Metal containers are the most commonly used packaging worldwide in both the food and beverage industry. Some manufacturing processes in the canning industry include multi-step transformations that take large aluminum or steel coils and make them into two or three-piece cans. During this process, the containers are sprayed to obtain a better surface for the contents; however, this spray produces volatile organic compounds (VOC). This paper presents a new and environmentally friendly can manufacturing method, which uses a novel pre-laminated two-layer polymer steel. As experimentally proven, this innovative polymer-coated steel successfully withstands every manufacturing requirement. The specimens were tested in an ironing simulator, measuring roughness and friction coefficients. The development of an upper bound ironing model, along with a supporting neural network, allows an insight into the design of new materials for can manufacturing.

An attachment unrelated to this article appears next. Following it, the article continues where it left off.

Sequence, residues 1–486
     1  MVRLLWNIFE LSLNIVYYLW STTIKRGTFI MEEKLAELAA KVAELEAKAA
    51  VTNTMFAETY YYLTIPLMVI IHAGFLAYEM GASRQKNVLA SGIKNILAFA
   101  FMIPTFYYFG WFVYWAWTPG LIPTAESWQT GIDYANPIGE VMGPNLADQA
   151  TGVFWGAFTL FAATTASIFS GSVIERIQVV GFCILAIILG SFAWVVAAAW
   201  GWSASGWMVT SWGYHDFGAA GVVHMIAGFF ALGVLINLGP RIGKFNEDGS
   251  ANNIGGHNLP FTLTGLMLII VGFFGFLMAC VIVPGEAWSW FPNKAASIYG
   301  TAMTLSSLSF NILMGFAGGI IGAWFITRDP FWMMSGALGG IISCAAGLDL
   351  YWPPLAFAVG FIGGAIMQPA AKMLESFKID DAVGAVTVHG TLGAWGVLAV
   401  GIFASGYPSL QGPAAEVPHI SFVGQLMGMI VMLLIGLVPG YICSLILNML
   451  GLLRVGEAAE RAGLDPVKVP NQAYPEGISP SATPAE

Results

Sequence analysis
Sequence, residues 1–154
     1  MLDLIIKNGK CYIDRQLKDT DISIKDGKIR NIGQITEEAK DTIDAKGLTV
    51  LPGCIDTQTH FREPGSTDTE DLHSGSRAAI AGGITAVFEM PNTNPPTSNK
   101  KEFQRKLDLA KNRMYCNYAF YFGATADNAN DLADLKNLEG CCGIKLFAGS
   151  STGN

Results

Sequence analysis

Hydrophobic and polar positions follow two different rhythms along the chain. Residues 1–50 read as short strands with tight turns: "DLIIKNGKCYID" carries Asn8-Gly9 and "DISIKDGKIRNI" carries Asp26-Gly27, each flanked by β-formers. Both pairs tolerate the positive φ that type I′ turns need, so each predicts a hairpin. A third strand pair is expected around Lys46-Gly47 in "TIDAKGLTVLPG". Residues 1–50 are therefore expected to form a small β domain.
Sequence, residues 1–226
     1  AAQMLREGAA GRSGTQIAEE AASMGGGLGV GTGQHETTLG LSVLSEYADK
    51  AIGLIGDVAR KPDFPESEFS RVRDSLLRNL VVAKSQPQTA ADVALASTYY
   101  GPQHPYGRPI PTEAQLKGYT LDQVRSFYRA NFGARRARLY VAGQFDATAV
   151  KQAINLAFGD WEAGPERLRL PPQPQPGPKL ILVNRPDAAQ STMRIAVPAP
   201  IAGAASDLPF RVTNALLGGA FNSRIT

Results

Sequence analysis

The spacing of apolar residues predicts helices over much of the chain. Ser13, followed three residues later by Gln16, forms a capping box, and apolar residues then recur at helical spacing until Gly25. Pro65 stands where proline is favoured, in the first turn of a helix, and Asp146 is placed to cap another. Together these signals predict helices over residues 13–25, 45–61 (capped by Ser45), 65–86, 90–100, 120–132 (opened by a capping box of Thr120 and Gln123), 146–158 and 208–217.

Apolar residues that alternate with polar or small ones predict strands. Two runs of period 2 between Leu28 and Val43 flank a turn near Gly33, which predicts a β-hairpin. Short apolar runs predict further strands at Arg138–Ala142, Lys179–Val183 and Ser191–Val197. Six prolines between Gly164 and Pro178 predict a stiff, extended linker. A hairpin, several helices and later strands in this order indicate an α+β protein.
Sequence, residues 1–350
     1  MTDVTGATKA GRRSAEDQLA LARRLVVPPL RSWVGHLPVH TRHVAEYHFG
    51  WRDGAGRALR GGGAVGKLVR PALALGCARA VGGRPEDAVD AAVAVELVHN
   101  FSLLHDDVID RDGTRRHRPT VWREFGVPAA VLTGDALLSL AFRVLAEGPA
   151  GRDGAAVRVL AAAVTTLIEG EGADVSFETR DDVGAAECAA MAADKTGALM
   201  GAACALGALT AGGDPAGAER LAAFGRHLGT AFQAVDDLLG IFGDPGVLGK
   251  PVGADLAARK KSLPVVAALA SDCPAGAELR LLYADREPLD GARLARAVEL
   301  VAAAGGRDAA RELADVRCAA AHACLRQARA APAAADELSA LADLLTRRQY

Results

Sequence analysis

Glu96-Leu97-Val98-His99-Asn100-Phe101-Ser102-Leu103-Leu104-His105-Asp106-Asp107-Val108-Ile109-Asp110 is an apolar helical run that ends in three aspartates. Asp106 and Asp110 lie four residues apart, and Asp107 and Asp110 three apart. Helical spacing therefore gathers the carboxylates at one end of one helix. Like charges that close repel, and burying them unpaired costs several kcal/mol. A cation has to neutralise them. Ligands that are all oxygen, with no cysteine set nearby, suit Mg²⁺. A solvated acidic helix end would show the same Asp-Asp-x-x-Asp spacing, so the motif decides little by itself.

An Economical and Environmental Alternative to Traditional Can Manufacturing Using a New Pre-laminated Steel
Published: 14 May 2020 by MDPI in 2nd Coatings and Interfaces Web Conference session Coatings, Surfaces and Interfaces for Food Safety and Preservation
Keywords: Coating; Ironing; VOC; Upper Bound; Neural Network